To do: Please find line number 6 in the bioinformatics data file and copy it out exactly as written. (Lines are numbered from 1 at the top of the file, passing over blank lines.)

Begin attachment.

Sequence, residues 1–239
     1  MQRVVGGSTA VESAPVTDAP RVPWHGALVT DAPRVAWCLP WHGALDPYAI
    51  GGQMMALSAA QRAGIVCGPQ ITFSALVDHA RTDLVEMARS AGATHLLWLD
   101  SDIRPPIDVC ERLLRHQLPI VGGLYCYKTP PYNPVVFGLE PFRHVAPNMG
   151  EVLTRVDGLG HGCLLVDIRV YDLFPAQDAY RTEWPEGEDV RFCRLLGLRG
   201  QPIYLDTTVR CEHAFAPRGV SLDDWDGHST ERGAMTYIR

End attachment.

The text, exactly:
   201  QPIYLDTTVR CEHAFAPRGV SLDDWDGHST ERGAMTYIR